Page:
Princess Gail meets Eric’s anger… again

puzzledI was on my way home from NC yesterday, so Gail was home alone with Eric during his most recent autistic melt down. (Picture Macaulay Culkin from the movie “Home Alone,” with his hands on his cheeks with an “oh no!” look on his face.)

Eric had become very upset, but it was not exactly clear as to why. Gail couldn’t get him to either calm down or to explain why he felt that way. She couldn’t diffuse the escalation.

She figured this could have been happening for a number of reasons. Eric wanted to go to the mall and was told he could not. (He had nothing to do at the mall, other than to get more agitated and into trouble. Gail knows better than to take that risk on by herself at those times.) The TV was turned off because Eric’s favorite driver was losing the NASCAR race, and this was increasing his agitation. He was caught sneaking into things, and he hates being caught. He will not be able to see his father next weekend as he will be in NC with Gail and me that week. All this, and/or who knows what else, could have been a reason for his fit.

So he was starting to get in Gail’s face. By that I mean with clenched fists, inches from her face, no matter where Gail turned. He would stop her from doing whatever she was trying to do, blocking her way with what most people would interpret as a very threatening face and pose. He was staring at her and pounding the walls and cabinets with his fists. He was in a rage, yelling a cussing. He then started throwing things all over the house, knocking down chairs, and such. In the past, violence has gotten much worse.

Fortunately, Gail was able to break through by threatening to cancel Eric’s visit with his father today. Eric loves the occasional time he spends with his father. So he voluntarily went up to his room, and gradually the pounding, yelling, cussing, and agitation settled.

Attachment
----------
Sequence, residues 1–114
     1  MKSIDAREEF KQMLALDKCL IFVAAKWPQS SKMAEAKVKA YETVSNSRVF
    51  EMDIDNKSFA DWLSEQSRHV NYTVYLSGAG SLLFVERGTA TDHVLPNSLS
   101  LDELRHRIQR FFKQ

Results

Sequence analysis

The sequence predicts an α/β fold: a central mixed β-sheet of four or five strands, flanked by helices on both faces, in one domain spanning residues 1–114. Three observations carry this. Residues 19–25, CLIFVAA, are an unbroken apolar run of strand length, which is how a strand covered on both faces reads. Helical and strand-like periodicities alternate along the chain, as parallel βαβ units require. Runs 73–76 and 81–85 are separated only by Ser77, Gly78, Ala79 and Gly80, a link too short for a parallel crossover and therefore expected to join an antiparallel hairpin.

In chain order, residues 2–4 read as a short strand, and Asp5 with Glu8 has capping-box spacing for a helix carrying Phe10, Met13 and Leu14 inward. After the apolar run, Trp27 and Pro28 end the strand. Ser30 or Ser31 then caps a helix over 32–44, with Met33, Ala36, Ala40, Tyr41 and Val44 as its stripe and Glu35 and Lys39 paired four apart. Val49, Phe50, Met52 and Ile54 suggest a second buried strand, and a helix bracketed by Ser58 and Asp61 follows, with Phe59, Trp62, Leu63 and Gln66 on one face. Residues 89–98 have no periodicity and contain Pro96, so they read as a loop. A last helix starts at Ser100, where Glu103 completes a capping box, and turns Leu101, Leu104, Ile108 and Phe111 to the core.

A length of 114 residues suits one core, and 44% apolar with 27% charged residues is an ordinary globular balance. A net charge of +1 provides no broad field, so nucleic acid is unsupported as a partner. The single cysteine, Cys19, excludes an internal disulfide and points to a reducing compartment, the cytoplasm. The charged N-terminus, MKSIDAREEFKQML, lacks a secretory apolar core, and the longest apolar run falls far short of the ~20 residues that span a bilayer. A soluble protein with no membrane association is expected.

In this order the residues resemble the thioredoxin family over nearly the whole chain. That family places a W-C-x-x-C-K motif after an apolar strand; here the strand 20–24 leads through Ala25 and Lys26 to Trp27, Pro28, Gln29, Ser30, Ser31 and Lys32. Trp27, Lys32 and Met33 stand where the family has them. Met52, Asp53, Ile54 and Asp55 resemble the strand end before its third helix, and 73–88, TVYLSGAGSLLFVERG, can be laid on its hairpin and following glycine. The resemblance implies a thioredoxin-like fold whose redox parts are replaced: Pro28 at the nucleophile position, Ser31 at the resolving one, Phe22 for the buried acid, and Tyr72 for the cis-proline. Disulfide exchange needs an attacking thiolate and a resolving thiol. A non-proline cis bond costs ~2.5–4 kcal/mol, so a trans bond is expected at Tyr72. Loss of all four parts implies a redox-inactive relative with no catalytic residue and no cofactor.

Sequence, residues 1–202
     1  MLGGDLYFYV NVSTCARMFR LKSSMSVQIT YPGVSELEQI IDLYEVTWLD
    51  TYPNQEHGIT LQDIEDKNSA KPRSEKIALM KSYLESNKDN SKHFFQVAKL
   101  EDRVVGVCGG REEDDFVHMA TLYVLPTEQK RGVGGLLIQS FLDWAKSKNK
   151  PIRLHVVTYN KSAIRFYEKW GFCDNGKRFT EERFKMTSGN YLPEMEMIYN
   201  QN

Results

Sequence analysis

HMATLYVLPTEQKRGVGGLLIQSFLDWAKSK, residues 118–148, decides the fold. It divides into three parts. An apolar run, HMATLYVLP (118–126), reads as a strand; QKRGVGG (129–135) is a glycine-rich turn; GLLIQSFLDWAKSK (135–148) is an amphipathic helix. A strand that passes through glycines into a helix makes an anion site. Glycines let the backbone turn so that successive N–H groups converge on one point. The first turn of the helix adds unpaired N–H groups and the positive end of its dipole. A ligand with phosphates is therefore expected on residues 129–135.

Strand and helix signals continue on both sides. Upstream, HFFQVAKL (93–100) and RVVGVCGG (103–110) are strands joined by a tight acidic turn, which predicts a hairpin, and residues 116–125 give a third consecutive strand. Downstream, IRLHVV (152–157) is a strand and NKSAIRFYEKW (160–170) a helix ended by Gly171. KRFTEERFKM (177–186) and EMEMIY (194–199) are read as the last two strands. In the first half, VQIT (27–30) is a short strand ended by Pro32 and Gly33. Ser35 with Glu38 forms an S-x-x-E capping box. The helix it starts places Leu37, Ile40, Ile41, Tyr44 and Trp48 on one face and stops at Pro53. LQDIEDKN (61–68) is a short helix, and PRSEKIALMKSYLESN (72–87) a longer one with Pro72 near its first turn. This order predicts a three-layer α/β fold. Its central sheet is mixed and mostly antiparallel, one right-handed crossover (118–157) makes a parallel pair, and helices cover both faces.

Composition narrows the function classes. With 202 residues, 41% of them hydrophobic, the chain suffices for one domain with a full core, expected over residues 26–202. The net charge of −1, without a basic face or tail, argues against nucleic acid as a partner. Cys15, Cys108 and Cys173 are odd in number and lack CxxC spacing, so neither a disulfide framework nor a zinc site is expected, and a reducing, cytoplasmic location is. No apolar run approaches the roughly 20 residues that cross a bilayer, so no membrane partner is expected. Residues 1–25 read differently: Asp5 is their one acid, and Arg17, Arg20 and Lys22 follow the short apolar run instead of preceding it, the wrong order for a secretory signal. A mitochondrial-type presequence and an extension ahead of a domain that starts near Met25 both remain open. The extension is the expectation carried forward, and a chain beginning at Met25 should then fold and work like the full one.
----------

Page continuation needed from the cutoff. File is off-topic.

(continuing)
This is all very disturbing for Gail, too. She has been through it hundreds of times, but they each take their toll. Gail tries very hard to provide a structured environment for Eric, and to provide verbal and visual cues for him, to maintain some measure of sanity. We have a PECS system on the refrigerator that Eric looks at all the time to know what he is to do next. He would be lost without the help and direction he gets from Gail, and from his school and program staff. Eric is very disabled by his condition, and it is a valid excuse, but it doesn’t take away the horrible toll it takes on my wife.

So today, Gail again proved her Princesshood to me. Even though she was pissed, even though she was hurt to the point of tears for the thanks she gets (“you fucking bitch!!”) for all she does for her son, even though she is tired, really tired of all this endless shit,  she helped him figure it out.

She presented him with a series of typewritten questions, because he can see them better than he can hear them. Also, she had to entice him into cooperating with chocolate chip cookies (which works for me, too!) She asked him to circle the right answers.